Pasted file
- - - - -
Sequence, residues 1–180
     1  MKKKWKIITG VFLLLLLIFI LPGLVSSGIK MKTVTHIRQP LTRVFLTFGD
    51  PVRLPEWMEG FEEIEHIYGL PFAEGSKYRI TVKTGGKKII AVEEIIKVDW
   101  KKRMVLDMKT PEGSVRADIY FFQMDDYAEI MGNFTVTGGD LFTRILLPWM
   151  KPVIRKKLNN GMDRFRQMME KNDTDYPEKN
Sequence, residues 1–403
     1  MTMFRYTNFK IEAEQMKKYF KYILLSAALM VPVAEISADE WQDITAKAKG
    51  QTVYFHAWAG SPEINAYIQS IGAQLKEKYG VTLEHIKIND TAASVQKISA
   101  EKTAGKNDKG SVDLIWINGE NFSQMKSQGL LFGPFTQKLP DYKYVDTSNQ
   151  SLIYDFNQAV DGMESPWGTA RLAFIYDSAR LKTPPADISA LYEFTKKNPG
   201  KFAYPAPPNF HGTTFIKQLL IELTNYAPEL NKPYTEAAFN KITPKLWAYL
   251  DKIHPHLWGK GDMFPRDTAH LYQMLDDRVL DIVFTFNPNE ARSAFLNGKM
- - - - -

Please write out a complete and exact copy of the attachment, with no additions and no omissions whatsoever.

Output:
Sequence, residues 1–180
     1  MKKKWKIITG VFLLLLLIFI LPGLVSSGIK MKTVTHIRQP LTRVFLTFGD
    51  PVRLPEWMEG FEEIEHIYGL PFAEGSKYRI TVKTGGKKII AVEEIIKVDW
   101  KKRMVLDMKT PEGSVRADIY FFQMDDYAEI MGNFTVTGGD LFTRILLPWM
   151  KPVIRKKLNN GMDRFRQMME KNDTDYPEKN
Sequence, residues 1–403
     1  MTMFRYTNFK IEAEQMKKYF KYILLSAALM VPVAEISADE WQDITAKAKG
    51  QTVYFHAWAG SPEINAYIQS IGAQLKEKYG VTLEHIKIND TAASVQKISA
   101  EKTAGKNDKG SVDLIWINGE NFSQMKSQGL LFGPFTQKLP DYKYVDTSNQ
   151  SLIYDFNQAV DGMESPWGTA RLAFIYDSAR LKTPPADISA LYEFTKKNPG
   201  KFAYPAPPNF HGTTFIKQLL IELTNYAPEL NKPYTEAAFN KITPKLWAYL
   251  DKIHPHLWGK GDMFPRDTAH LYQMLDDRVL DIVFTFNPNE ARSAFLNGKM